Presentation on theme: "Establishing a Multidisciplinary Head and Neck Cancer Rehabilitation Service Anna Clayton, Kate Edwards, Claire Hanika, Karen Matthews, Emma Papworth,"— Presentation transcript:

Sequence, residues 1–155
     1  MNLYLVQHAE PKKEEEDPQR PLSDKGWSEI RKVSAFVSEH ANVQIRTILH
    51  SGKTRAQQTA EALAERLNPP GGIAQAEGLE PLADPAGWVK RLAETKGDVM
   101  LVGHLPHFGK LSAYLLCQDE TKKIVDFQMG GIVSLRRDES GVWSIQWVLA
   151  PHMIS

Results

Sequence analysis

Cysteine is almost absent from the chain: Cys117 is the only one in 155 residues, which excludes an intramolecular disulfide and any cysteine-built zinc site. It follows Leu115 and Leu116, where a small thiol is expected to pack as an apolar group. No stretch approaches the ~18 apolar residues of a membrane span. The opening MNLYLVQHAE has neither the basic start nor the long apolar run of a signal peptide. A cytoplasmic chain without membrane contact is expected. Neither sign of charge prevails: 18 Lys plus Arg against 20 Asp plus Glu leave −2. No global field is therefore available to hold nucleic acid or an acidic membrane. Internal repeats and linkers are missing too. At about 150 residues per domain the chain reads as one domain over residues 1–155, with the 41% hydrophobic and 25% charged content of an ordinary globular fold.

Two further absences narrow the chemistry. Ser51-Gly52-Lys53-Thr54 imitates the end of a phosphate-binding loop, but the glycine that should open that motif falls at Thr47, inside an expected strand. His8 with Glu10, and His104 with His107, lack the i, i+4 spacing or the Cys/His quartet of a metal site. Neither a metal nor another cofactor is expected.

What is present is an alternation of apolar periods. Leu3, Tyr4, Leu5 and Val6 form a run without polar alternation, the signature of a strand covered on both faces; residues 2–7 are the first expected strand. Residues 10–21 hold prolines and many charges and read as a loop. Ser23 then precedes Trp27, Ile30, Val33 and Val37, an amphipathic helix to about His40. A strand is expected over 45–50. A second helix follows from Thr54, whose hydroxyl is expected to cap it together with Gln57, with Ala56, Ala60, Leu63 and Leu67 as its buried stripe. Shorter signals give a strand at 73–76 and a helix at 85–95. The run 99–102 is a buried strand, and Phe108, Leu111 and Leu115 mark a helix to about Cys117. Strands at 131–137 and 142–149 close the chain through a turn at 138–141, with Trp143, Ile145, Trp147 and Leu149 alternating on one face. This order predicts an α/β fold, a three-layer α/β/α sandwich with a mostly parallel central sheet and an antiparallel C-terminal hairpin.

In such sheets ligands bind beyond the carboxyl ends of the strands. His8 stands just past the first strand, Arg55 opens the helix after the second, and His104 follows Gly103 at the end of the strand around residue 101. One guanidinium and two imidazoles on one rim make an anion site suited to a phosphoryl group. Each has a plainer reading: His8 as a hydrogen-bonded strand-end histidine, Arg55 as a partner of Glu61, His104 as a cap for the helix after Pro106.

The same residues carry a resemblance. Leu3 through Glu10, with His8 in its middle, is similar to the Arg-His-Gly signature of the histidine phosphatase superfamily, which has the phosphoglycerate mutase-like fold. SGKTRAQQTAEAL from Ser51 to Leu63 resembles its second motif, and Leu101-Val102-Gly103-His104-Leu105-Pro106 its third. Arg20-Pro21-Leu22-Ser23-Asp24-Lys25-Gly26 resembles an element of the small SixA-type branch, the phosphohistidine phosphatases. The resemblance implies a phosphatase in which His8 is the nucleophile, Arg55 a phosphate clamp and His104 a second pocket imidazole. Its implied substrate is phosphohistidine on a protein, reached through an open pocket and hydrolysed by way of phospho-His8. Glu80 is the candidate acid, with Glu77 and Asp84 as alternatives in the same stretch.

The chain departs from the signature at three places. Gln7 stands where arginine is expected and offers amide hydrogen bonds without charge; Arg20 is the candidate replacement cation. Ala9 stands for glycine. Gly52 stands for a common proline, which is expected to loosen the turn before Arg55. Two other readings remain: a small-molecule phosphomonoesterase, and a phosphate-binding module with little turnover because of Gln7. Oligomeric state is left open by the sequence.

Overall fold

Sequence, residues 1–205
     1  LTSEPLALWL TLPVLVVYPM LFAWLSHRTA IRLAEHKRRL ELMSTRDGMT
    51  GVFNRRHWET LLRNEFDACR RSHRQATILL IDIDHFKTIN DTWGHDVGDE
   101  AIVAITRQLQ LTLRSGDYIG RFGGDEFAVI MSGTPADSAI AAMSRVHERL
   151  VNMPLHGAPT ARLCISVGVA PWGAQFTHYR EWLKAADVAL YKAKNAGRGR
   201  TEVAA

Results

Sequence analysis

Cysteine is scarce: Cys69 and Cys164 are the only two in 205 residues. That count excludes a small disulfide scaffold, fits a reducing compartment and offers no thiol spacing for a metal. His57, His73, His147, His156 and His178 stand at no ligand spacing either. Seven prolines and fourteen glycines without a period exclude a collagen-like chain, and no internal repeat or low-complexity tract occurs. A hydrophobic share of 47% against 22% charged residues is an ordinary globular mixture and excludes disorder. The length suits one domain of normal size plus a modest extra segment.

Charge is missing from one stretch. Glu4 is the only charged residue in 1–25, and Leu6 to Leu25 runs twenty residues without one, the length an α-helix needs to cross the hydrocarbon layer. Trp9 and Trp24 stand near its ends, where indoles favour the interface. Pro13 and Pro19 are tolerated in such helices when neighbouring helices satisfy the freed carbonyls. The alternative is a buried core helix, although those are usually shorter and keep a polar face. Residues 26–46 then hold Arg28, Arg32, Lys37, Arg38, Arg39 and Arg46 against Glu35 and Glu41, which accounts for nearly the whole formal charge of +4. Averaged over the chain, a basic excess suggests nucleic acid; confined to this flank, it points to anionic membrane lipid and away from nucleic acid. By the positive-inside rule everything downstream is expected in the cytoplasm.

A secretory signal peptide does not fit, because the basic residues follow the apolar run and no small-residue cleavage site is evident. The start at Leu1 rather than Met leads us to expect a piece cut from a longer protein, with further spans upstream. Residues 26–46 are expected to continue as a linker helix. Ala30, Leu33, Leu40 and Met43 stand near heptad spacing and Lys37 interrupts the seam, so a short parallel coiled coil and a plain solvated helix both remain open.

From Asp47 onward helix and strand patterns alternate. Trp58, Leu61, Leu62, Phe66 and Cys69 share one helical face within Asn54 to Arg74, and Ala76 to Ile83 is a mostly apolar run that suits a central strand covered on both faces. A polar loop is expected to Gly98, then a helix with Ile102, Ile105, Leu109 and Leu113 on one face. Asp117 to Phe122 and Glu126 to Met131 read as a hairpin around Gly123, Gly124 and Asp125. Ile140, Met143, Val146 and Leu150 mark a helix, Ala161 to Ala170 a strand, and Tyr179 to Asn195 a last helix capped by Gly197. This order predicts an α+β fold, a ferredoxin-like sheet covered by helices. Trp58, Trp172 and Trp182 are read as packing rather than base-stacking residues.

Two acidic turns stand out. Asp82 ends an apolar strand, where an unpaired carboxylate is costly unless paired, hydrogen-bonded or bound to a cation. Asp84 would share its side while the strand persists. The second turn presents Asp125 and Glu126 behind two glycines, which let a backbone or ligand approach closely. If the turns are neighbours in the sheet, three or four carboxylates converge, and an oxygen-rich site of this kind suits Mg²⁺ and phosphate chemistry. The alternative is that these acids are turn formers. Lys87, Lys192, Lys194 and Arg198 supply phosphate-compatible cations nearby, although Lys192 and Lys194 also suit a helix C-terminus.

Establishing a Multidisciplinary Head and Neck Cancer Rehabilitation Service Anna Clayton, Kate Edwards, Claire Hanika, Karen Matthews, Emma Papworth, Elizabeth Seymour, The Royal Surrey County Hospital Egerton Road, Guildford, Surrey, GU2 7XX England Background The 2004 NICE IOG for Head & Neck Cancer (1) (HNC) states; “every Cancer Centre which deals with patients with head and neck cancer should establish a local support team which will provide services within a defined geographical area”. External peer review identified a lack of on-going support to H&NC patients within Surrey and North Hampshire. The Macmillan Aftercare and Rehabilitation Service (MARS) was developed to address this deficiency. Aims The MARS team aims to provide a high quality accessible multidisciplinary rehabilitation service for HNC patients in line with the NCAT guideline: Cancer Rehabilitation: Making excellent cancer care possible (2013). The objectives of the service are to provide: Advice, support and exercises for Speech and Swallowing problems Advice and support on all aspects of nutritional intake Support to decrease reliance on oral and enteral nutritional supplementation Help with feeding tube care Support and advice following a laryngectomy or tracheostomy Support in managing the side effects of cancer treatments Emotional support for patients and their families and carers Acknowledgements The MARS team would like to acknowledge the support from the Head and Neck Multidisciplinary Team at the Royal Surrey County Hospital, Head and Neck Clinical Nurse Specialists across Surrey and North Hampshire and Macmillan Cancer Support Methods The MARS team comprises Band 7 Dietitians, Speech and Language Therapist (SaLT), Nutrition Nurses and a Band 4 Patient Co-ordinator, employed by the Royal Surrey County Hospital (RSCH). The team was funded by Macmillan for year 1 of service, with year 2 funding secured 75% from NHS England and 25% by Macmillan. Multi-professional clinics have been established alongside established consultant clinics at five local acute hospitals. The referral and treatment pathway for MARS is below: Conclusions The MARS team has supported patients with proactive management of nutritional, laryngectomy and feeding tube-related issues. Additionally survivorship, voice support, lifestyle and healthy eating support have been beneficial in improving patients quality of life and aftercare experience. During the first 8 months of the Macmillan Aftercare and Rehabilitation Service clinical benefits to patient experiences and outcomes have been demonstrated. The service continues to develop to meet the evolving needs of patients with Head & Neck Cancer. Future areas of work In year 2 of the service the MARS team plan to establish a survivorship program for people with Head & Neck Cancer. The MARS team are piloting outcome measures to assess patient reliance on enteral feeding and oral nutritional supplements, speech intelligibility and levels of dysphagia. Duration of tube feeding will be audited against data prior to MARS. Discussion Implementation of the MARS has enabled patients’ to reduce both reliance and length of time on oral nutritional supplements and enteral feeding. Of the 37 patients’ supported by the MARS dietitians, 9 had their feeding tubes removed and a further 7 were weaning from their feeding tube. A further 15 feeding tubes were removed by MARS nutrition nurses following patients treatment at RSCH. Nutrition nurse intervention has allowed more timely removal of feeding tubes. 56 patients prescribed oral nutritional supplements have been assessed, of which 26 had their supplements reduced following input from MARS, 21 stopping supplements completely. SVR valve changes and support are being provided in a more timely and cost effective manner closer to patients homes. Videofluoroscopies have identified patients at risk of dysphagia, enabling appropriate management and reducing risks of associated complications (e.g. Chest infections and malnutrition). Wider support services, such as smoking cessation and support with finances are more readily available to patients. A focus group has been run by the MARS patient co- ordinator to establish a baseline of patient experience. Patient and professional feedback to the service has been very positive: Patient feedback : “I wish I had this service immediately after treatment.” “Excellent service, 10 out of 10! We really appreciate the support” “We could have done with this (service) 4 years ago” “It’s really good to have more support near home” Results The MARS team supported 287 individual patients during the first 8 months of service (May-December 2013). Nutrition Nurse DietitianSpeech & Language Therapist Patient Co-ordinator Post gastrostomy placement advice Food fortification and oral nutritional supplements Laryngectomy support including Surgical Voice Restoration (SVR) management Support with benefits/Macmillan grant applications Tube and tube site troubleshooting Enteral feeding advice Swallow assessment (in clinic and via videofluoroscopy) Holistic Needs Assessment Tube replacement Healthy eating and lifestyle advice Dysphagia management including texture modification Smoking Cessation advice Tube removalWeight reduction and other disease specific dietary advice Speech therapy and onward referral to voice specialist as required Signposting to support services Survivorship advice and referral to other services as required Overview of the support offered by MARS References: 1)National Institute for Health and Care Excellence (2004) Improving Outcomes Guidance for Head and Neck Cancer, London, NICE 2)Cancer Rehabilitation. Making excellent cancer care possible (NCAT 2013)
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